Response from Mr Mbatha (Group Chief Executive): It is categorically untrue that we are the propagandists of government. SABC operates from a position of integrity with no hidden agenda. I think that addressing these perceptions would only be relevant if we had guilt to hide but we have not. I think the fact that we are delivering quality programmes that are popular with the public speaks for itself. All I will say is that previously South Africa was run by a government that only represented a minority. It was impossible that SABC could be a public broadcaster in this environment. SABC is now audience driven so it represents the programming desires of the majority of the people. The present government also represents the majority of the people so it is possible that links might occur. These links are not intentional. We will continue to represent our audience without fail and we are not going to cosmetically remove ourselves from a ruling party that represents the majority of the people. At the same time we are consolidating our links with minority groups and providing avenues for them to contact SABC.

Ms W. Newhoudt-Druchen (ANC): There have been allegations of corruption against SABC and an investigation has occurred. Is there a report on the investigation? When will we be able to see this?
Response from Mr Mbatha: Various audits are going on and once complete reports will go to the SABC board. They will then decide what action to take.
Mr T. Makunyane (ANC): There is much anxiety to see the reports on these audits.
Prof P. Zulu (Chairperson SABC Board): The situation regarding investigations is as follows. A task team was set up at the end of April to investigate freedom of expression at SABC, editorial independence, possible external and internal influences on programming and employment policies. Various outstanding cases against the SABC needed to be cleared first so investigations did not begin until July. Research on SABC news bulletins was commissioned and comparisons done between SABC and other broadcasters. The team's report will be ready in November when it will be discussed by the SABC board. I cannot give you anymore information than this.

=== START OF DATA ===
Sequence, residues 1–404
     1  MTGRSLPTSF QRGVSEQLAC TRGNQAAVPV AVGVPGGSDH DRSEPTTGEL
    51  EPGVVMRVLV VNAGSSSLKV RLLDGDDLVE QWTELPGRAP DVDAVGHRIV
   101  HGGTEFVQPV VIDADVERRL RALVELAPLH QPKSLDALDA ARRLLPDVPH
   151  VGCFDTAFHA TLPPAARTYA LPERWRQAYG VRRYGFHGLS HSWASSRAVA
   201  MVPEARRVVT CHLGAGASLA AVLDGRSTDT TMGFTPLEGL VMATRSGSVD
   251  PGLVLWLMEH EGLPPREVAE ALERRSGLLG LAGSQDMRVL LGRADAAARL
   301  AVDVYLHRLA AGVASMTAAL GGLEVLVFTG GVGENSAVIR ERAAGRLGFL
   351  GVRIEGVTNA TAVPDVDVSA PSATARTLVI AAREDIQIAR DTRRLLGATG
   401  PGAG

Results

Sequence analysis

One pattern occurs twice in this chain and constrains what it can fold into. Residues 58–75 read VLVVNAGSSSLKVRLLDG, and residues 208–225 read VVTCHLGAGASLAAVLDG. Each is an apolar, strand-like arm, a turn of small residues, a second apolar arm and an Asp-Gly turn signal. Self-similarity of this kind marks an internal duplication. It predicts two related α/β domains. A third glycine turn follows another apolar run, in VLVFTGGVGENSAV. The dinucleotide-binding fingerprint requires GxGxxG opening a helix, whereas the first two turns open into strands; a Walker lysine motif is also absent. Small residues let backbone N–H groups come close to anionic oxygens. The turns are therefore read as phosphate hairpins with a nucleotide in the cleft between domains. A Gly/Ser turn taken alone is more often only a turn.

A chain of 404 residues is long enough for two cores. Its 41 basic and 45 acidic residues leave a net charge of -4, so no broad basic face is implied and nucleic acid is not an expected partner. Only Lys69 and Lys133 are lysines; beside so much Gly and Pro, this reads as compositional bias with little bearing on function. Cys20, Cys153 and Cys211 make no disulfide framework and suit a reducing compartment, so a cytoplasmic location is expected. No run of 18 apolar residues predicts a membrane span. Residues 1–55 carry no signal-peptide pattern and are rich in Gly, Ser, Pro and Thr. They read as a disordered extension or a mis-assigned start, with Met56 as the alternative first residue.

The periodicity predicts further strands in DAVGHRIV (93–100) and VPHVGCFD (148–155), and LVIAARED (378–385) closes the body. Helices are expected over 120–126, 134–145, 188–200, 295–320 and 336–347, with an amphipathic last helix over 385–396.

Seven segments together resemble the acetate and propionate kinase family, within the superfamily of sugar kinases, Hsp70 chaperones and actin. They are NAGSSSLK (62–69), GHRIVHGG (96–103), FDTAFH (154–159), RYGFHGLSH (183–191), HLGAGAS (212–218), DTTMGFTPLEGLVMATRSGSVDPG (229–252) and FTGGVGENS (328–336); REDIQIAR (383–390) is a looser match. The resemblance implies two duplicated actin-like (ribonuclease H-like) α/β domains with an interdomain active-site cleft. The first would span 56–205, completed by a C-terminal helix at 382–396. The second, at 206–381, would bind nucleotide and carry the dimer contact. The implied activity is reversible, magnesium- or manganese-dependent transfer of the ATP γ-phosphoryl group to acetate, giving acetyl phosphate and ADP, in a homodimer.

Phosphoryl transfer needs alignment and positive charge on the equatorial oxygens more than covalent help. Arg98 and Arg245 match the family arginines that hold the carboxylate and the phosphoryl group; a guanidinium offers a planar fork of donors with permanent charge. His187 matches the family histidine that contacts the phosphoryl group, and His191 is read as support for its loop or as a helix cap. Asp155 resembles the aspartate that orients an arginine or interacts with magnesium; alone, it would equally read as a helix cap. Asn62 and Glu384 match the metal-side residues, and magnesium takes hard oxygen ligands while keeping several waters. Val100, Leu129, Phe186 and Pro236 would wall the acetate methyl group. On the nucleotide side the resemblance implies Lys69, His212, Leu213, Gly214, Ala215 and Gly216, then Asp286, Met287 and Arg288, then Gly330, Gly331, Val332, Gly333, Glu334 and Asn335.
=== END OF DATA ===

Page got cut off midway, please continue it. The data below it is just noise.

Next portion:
Ms S. Vos (IFP): What is SABC's view on e-TV's success?
Response from Mr Mbatha: E-TV is very new on the market but has been successful in making itself available to very large areas. It seems inevitable that people will be investigating what it is like.
Response from Mr Mokgatle: When e-TV was launched it had a low profile and many internal problems. However it has achieved success within eight months. It is worrying to consider how well it might do without problems!

Ms S. Vos (IFP): Do you think that space could be made for greater regional input into TV. Could the massive listening figures for PBS radio stations be a message for TV programming?
Response from Mr Mbatha: SABC does try to cater for the regions. We have a presence within all provinces which allows us to gather local news. Radio is much easier as we have built on already established stations. The costs needed to establish regional TV stations are currently unaffordable.